Should Fusion for Degenerative Spondylolisthesis Include the Sacrum?Low back pain from degenerative spondylolisthesis is often treated with spinal fusion when conservative (nonoperative) care fails to improve symptoms or function. But spinal fusion often results in the need for a second (revision) surgery. One common problem that develops is adjacent segment disease (ASD). The question this study attempted to answer is whether or not extending an L5-S1 fusion to include the sacrum can reduce the risk of adjacent segment disease.
Before we go any further exploring this topic, let's clear up a few terms. First, what is degenerative spondylolisthesis? In this condition, one of the vertebrae (spine bones) slips forward over the one below it.
Normally, the bones of the spine (the vertebrae) are neatly stacked on top of one another. Ligaments and joints support the spine. Spondylolisthesis alters the alignment of the spine and creates a narrowing of the spinal canal. As the bone slips forward, the nearby tissues and nerves may become irritated and painful. Low back pain and leg pain are the main symptoms but there can be sensory changes with numbness, tingling, and loss of sensation as well.
The degenerative aspect of spondylolisthesis tells us the condition develops over time as we age. Adults over age 50 are affected most often. There are degenerative changes in all parts of the spine including the joints, discs, and soft tissues. Slippage at the L4-L5 segment is the most common in this age group with this condition.
Without the normal alignment, spacing, and proper shock absorption, increased load is transferred through the spine. The disc at the L5S1 spinal level takes the brunt of it, so this is the area where degenerative disc disease is the worst in many patients.
Removal of the disc between L4-L5 with fusion of the same segment is referred to as a lumbar floating fusion or LFF. LFF is separate from a lumbrosacral fusion (LSF) where the L5 segment is fused to the main body of the sacral bone. So with this information in mind, we come back to the original question. Does extending the L4-L5 fusion down to also include the L5-S1 level yield a better result? And are there fewer cases of adjacent segment disease (ASD)?
By following 107 patients for five years or more, surgeons from the UCLA Comprehensive Spine Center at the University of California (Los Angeles) gained some new perspective on this issue. They found that the extended fusion did NOT improve results. There is no need to fuse the L5-S1 segment as a preventive measure against developing adjacent segment disease. The authors suggest that lumbosacral fusion should be used for patients with instability at the L5-S1 level (not just for disc degeneration).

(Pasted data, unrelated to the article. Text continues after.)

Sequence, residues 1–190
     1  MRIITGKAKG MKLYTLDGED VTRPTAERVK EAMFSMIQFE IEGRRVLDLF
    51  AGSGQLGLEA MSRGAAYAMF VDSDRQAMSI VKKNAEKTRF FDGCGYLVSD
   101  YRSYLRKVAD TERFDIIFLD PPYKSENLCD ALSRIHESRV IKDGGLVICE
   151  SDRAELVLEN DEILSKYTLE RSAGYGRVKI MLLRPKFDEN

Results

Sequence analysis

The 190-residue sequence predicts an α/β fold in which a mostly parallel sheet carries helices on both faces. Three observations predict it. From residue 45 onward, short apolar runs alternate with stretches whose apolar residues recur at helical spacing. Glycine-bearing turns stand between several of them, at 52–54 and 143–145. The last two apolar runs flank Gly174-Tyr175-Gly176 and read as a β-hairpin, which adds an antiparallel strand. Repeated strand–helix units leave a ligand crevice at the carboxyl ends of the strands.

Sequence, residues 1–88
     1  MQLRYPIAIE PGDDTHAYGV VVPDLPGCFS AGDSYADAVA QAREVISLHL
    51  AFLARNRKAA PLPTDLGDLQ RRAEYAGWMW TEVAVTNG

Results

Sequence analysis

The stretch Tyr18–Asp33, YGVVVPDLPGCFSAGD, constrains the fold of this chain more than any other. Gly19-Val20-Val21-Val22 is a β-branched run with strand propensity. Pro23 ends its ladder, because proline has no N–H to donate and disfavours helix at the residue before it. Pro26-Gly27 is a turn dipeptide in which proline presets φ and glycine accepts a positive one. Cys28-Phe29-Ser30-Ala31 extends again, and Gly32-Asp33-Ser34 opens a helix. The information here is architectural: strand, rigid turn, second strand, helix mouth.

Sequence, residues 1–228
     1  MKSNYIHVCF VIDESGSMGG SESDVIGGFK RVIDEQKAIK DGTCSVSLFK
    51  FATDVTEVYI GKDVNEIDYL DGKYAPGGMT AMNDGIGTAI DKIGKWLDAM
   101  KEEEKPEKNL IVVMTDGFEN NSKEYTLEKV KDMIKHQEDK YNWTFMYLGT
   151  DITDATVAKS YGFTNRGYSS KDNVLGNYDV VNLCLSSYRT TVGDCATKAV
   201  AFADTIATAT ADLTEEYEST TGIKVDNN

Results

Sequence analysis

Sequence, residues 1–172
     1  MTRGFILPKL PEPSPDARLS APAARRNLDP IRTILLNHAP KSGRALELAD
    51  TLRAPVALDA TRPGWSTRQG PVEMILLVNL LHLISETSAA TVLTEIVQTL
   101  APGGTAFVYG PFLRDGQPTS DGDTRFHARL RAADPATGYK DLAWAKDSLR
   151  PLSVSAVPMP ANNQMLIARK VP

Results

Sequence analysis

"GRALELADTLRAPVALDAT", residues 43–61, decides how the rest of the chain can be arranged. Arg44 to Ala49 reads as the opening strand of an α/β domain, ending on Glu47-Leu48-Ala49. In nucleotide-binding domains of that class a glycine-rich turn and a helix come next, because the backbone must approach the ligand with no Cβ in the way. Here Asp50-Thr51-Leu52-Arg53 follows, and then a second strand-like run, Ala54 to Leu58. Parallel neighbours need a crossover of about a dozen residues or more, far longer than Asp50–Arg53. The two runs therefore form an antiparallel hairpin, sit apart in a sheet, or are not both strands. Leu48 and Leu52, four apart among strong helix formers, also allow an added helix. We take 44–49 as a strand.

Outcomes used to measure final results included X-rays, clinical presentation (signs and symptoms), and function. Function was measured using two well-known and commonly used tests: the Oswestry Disability Index (ODI) and the modified Brodsky criteria.
Careful records were kept of before and after results, age and sex (male versus female) of the patients, and spinal levels operated on.
Results were analyzed taking all of these additional factors into consideration.
How good are the results of a lumbar fusion that does not go past the L5 level? For the most part, clinical results (improved pain and function) and patient satisfaction were good-to-excellent in 82 per cent of the patients. The incidence of adjacent segment disease (ASD) was actually less in this group (the lumbar floating fusion group) compared with the (extended) lumbosacral fusion (LSF) group.
The higher rate of adjacent segment disease in the lumbosacral fusion (LSF) group may be the direct result of a longer fused rigid segment. With a longer area fused, there is an increased load and stress on the
normal segments above. Some researchers have concluded from their studies that increasing age is a risk factor for ASD but age was not statistically significant in this study.
In summary, extending spinal fusion to include the sacrum for patients with degenerative spondylolisthesis is not helpful. In fact, the extended fusion increases the risk of adjacent segment disease above the start of the fusion. Without this extension, the surgery is shorter and with less blood loss. There is also the advantage of less bone graft and a lower risk of pseudoarthrosis (failed fusion with spine motion still present) with the lumbar floating fusion.
Jen-Chung Liao, MD, et al. Surgical Outcomes of Degenerative Spondylolisthesis With L5-S1 Disc Degeneration. In Spine. September 1, 2011. Vol. 36. No. 19. Pp. 1600-1607.
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